This afternoon, I noticed the chives were making an effort at coming back. They’re hardy little plants, it’s not surprising it’s making a go at it. All the same, it felt like a little miracle, looking at its progress. If somebody else winds up living here I hope they take better care of the chives than I did. They’re really cool plants. Pretty little purple pom-poms that bloom on and on, and the rest you can put on a baked potato. How great is that? Pretty great.

Why You Should Buy Your Daughter a Horse* (*But Only If She Loves Them)

Sometimes horse shows look like this.

A lot of my friends have kids. Specifically, I have a lot of friends with daughters. Some of those daughters show promising signs of horse craziness, a mental illness I encourage wholeheartedly. As someone who rode before she walked, I’d like to explain to my parent friends why they should stop complaining about the cost of horses and embrace the path of the pony.

Your daughter will learn to be assertive. Horses weigh in the ballpark of 1,000 pounds. Whether you’re leading the horse, picking up its hoof, or jumping a cross country obstacle, you have to be the leader. If you fail to lead, the horse won’t follow.

Your daughter will develop a work ethic. Horses require a tremendous amount of time and effort. You can participate in horses by simply showing up, taking a riding lesson, and leaving. This is a crap way of doing horses. Get your daughter into a barn where she’ll clean stalls, sweep aisles, and wash buckets. She will come to understand the satisfaction that comes with getting her hands dirty.

Your daughter will learn how to cope with trauma. Horses hurt themselves continually. Safest paddock in the world and horses will still find a way to cut themselves. Your daughter will get used to seeing blood and injuries and she’ll learn how to treat those injuries. Horses freak out, sometimes for no apparent reason. Half a ton of freak out results in an adrenaline rush for all involved. Horses hurt people, including your daughter. She will learn what pain is and how to cope with it. This is a good thing. If your daughter spends fifteen years in horses, she will bring Navy Seal Team 6 level inner calm and confidence to the direst of situations.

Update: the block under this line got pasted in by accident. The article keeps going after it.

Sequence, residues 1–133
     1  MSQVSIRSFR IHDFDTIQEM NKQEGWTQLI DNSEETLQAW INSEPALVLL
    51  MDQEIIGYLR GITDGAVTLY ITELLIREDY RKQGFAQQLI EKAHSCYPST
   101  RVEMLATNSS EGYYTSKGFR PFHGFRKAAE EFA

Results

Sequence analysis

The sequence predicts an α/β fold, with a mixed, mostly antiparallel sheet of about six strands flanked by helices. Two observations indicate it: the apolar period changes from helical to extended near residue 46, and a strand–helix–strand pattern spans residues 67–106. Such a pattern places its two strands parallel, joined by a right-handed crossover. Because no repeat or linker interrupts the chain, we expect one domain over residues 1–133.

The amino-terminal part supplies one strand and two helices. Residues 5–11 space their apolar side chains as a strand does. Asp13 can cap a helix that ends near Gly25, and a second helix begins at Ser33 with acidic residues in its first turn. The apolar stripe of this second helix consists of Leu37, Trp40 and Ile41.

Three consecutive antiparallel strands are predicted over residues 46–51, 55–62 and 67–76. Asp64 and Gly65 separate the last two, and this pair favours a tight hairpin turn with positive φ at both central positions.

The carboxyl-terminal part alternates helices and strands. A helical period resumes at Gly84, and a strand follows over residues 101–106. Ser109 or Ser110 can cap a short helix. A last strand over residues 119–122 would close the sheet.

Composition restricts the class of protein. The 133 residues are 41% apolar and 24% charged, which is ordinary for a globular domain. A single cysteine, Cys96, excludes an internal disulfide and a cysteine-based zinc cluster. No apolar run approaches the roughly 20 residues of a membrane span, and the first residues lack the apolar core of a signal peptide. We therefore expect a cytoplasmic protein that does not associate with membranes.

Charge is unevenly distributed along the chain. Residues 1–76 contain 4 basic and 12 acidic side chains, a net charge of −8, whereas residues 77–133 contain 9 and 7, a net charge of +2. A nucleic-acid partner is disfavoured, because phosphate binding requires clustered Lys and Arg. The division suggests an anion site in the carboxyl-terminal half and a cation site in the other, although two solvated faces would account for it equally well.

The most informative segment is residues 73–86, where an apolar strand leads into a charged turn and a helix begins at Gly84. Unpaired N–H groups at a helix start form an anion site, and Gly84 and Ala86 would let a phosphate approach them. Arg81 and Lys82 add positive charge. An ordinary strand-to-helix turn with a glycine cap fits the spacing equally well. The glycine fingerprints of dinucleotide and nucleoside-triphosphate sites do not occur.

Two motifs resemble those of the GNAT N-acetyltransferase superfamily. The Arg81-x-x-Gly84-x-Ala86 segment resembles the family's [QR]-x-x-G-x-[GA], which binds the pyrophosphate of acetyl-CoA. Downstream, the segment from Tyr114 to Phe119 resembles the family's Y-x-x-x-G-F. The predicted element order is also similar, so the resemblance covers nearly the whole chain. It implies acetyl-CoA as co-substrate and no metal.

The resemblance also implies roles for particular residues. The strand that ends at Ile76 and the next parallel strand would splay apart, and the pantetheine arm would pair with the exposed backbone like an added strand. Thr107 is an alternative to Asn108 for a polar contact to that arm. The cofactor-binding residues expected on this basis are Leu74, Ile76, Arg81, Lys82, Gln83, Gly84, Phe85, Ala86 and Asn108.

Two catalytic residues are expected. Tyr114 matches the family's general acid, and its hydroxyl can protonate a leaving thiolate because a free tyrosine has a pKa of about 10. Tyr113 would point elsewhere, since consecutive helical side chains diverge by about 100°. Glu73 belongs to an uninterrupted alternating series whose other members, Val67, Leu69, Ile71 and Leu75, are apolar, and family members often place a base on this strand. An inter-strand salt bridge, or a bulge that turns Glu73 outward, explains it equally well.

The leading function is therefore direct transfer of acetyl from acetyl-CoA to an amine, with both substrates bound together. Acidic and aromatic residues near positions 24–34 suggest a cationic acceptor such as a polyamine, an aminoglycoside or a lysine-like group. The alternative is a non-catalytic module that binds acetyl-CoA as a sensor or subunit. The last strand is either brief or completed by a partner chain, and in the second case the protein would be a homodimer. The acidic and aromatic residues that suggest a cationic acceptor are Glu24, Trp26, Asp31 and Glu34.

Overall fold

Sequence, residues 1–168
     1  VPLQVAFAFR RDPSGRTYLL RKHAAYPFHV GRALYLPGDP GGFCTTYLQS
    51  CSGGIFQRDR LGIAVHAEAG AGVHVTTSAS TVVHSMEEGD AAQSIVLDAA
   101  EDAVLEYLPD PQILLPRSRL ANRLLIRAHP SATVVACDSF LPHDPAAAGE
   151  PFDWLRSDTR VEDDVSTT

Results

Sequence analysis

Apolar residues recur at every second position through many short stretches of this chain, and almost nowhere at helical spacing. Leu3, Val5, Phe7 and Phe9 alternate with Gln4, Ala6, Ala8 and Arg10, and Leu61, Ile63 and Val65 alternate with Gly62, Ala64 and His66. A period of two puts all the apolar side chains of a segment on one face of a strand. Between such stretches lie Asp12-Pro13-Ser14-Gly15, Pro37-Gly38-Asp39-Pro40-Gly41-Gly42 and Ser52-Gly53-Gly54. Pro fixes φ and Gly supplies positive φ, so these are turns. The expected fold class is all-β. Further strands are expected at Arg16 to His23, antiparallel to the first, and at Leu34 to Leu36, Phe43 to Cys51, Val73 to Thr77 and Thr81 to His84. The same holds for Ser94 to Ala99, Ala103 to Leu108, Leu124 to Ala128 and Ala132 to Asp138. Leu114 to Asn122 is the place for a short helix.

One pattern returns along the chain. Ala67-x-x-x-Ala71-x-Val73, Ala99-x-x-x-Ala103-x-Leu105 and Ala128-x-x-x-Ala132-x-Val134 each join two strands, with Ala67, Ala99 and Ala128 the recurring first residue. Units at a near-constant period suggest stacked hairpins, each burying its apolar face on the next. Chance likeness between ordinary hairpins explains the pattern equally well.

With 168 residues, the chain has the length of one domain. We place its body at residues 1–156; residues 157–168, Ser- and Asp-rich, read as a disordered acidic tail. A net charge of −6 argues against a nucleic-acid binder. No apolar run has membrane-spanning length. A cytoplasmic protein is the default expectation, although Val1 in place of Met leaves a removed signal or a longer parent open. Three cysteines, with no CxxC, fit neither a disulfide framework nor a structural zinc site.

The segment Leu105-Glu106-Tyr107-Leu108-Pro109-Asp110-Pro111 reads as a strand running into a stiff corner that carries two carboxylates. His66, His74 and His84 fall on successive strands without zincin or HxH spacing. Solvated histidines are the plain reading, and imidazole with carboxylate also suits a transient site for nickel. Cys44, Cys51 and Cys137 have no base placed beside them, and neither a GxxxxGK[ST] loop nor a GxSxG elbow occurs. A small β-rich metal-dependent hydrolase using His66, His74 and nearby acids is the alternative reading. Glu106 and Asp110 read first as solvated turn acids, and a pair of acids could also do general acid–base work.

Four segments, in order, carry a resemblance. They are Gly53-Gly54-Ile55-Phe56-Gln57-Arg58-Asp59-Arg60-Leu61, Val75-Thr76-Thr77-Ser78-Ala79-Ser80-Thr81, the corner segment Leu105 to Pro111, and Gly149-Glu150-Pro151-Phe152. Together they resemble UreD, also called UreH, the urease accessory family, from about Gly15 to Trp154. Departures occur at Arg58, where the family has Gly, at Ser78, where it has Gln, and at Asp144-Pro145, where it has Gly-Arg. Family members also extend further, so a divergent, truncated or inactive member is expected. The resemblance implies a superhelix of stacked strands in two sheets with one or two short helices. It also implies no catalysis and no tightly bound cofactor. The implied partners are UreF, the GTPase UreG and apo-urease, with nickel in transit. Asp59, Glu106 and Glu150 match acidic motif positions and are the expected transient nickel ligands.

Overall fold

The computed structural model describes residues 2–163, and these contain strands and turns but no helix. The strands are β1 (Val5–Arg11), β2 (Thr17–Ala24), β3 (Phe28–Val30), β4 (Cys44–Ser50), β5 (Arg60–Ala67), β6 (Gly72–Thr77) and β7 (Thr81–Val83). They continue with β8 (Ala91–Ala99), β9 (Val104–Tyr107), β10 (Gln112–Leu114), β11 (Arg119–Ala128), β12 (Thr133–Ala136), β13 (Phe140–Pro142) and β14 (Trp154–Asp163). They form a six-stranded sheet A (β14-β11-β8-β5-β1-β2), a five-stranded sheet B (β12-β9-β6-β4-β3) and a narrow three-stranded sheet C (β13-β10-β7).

Your daughter will develop humility. So much can go wrong dealing with horses, especially at a horse show. Competing horses offers an almost endless array of humbling experiences. Your horse will humble you, your competition will humble you, injustice will humble you, but most importantly, your own weaknesses will humble you. Your daughter will come face to face with her impatience, anger, pride, and envy. Horses force you to deal with the reality that the world is a deeply imperfect place and that you are a deeply imperfect person.

And sometimes horse shows look like this.

Your daughter will learn how to be tough. For example, a typical horse show requires waking three hours before dawn and a mini-road trip before launching into twelve hours of heat, dust, and exertion, all the while coping with anxieties, hopes, and expectations. (Sometimes you deal with rain and mud instead of heat and dust.) Invariably, something will go wrong and your daughter will be forced to deal with adversity. Stamina and fortitude are required. Luckily, these are skills that can be developed. They are worth developing.